Here's the level checkpoint. We are about to move into the cave area. I decided to change up the scenery to make the game more interesting. You can see the heart power up on the ground and the 1up power up. The 1up is sitting on breakable blocks. I was hoping players that got to this point while holding an enemy could throw it at the block to knock down the 1up. 

Here we are inside the cave. This is the third enemy, the 'thrower'. He chucks bouncing bombs that can be a pain in to avoid unless you take it slowly. Also I had to do a lot of work on him because if I kept him persistent through the level he would keep throwing bombs when not on screen and make annoying sound effectwhile slowing the game down. His sprite art isn't the best since I kind of rushed him but it's not the worst. You can also see the main character winding up a mallet attack. I called her 'Sprite' because she is a fairy sprite and the first sprite I ever made!

The end of the cave section, you have to dig your way out.

A few more platforming and enemy hazards and we are at the end of the stage. We were tasked with creating just one stage for the assignment. I was having too much fun so went a few steps further.

Here we are in the second stage inside the tree. I changed the scrolling to vertical for this stage for variety. I added holes in the tree and you can see the background through them which scrolls at a slower rate to give depth to the level. I'm quite proud of the wooden logs used in this stage and I ended up reusing them in a later project. Time to climb!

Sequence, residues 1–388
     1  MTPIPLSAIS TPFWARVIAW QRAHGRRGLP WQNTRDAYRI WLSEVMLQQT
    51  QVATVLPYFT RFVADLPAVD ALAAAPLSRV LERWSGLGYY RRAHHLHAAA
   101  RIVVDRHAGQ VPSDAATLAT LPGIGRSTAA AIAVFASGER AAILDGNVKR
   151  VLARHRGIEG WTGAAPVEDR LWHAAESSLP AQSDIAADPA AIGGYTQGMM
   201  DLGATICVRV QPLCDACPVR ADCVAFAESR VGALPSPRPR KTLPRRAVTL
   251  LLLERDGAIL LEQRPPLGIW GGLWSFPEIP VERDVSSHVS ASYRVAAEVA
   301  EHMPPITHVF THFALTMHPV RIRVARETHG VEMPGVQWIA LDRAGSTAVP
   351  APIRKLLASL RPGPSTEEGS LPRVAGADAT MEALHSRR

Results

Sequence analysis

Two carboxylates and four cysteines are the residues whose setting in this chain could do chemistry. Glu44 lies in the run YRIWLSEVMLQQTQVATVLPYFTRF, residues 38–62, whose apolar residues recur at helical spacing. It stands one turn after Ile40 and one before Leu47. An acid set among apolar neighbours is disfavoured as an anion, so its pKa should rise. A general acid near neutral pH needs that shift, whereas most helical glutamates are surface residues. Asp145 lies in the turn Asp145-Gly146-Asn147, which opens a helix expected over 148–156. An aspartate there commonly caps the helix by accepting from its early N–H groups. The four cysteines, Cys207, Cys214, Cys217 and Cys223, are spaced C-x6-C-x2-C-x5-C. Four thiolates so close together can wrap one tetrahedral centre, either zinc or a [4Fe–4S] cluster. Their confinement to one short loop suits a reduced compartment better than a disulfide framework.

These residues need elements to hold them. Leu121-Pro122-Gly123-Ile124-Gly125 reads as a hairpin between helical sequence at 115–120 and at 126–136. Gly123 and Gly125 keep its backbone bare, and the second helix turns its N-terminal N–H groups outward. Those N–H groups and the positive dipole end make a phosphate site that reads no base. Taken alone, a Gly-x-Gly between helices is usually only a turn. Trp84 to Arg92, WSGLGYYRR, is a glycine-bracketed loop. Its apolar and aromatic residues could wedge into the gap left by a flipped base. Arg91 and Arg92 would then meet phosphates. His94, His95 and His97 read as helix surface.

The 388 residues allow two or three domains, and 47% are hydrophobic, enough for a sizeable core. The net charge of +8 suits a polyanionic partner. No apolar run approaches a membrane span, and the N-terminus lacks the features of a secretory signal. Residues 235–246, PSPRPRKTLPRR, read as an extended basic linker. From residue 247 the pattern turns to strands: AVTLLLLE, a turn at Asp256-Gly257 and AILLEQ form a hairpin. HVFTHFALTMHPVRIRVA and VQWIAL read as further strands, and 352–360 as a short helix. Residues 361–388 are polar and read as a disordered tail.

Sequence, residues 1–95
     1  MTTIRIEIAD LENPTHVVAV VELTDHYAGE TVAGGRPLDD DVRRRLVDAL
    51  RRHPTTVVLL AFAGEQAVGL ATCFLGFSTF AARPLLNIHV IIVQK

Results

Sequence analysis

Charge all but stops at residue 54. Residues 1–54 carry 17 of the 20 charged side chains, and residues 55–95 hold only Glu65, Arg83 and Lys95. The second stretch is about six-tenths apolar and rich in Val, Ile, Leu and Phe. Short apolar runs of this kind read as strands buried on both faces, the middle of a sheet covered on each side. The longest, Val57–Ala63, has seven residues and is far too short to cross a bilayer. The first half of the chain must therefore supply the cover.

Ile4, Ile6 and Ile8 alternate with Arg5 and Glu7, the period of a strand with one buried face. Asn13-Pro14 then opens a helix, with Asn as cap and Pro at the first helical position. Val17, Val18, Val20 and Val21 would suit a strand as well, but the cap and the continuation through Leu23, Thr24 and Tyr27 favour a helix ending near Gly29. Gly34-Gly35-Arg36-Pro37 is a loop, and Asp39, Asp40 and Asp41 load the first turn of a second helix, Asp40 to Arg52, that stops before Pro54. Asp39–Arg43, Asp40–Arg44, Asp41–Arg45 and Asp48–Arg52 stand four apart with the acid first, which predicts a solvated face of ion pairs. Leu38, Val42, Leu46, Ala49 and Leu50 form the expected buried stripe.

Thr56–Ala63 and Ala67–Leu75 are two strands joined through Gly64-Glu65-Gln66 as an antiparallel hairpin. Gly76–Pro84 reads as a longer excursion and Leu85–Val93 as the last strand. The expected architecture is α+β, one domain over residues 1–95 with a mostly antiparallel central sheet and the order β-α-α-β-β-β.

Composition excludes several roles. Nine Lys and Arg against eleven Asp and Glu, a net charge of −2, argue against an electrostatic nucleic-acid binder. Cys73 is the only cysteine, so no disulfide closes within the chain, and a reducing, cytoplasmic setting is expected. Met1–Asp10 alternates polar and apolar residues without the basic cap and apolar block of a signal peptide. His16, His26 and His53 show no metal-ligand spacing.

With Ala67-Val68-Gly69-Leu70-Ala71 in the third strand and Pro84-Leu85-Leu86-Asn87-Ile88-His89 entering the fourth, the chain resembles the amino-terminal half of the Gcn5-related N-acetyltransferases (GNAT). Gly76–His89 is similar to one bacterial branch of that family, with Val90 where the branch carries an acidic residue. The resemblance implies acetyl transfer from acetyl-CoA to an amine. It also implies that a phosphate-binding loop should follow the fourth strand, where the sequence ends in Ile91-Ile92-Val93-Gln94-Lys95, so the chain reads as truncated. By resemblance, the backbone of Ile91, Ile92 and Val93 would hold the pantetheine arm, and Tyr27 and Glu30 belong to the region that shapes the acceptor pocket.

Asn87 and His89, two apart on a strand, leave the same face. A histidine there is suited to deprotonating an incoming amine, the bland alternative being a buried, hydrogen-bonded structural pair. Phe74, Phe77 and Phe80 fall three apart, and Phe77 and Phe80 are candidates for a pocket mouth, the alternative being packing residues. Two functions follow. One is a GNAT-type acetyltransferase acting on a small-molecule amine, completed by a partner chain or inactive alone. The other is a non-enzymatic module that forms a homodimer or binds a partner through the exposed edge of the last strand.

Since you are climbing upwards it makes tackling some of the enemies difficult. I kept this stage short with no checkpoint since there wasn't a lot I could do to vary the location and I was running short on time before the assignment was due.

I had about a day left before the assignment was due when I finished the second stage so wanted to add my own little flourish. I grew up loving games like Contra, Rocket Knight Adventures, Gunstar Heroes and Turrican, mostly because they featured amazing boss fights. I just love a good boss fight and feel it's a bit of a lost art. I decided to add my own end of level boss.

And here's my boss. Can you spot the Kirby influence? He's quite simple. He spits bouncing acorns at you then acorns that fly straight across the screen. His third attack wave I used a Stencyl effect to shake the screen and acorns rained down on the player from  random positions. It worked really well. At the end of that attack phase a stunned enemy falls from the tree tops and you can throw him at the boss. Whether it hits or misses the boss attack pattern repeats. Three hits and the boss is toast. I was a bit sneaky and changed the screen shaking attack pattern when the boss is on his final life point. I had the acorns rain down from on top of the player so you had to keep moving to avoid them.

The boss is just the eyes, nose and mouth placed over the same tiles that were used to the exit to the first stage. A frame of his animation is below:

 If you are good enough you'll have finished my short game project!

I have to say I'm quite proud of what I achieved in such a short space of time. Since I had a lot more time with this project and wasn't writing the code myself and instead using a WYSIWYG I had a lot more to polish the game and so far it's the most playable game I've made. Not bad for a first effort. If I was going to use a WYSIWYG again I'd use GameMaker which is easier to learn but also has an accessible scripting language for when you want to take your game development further.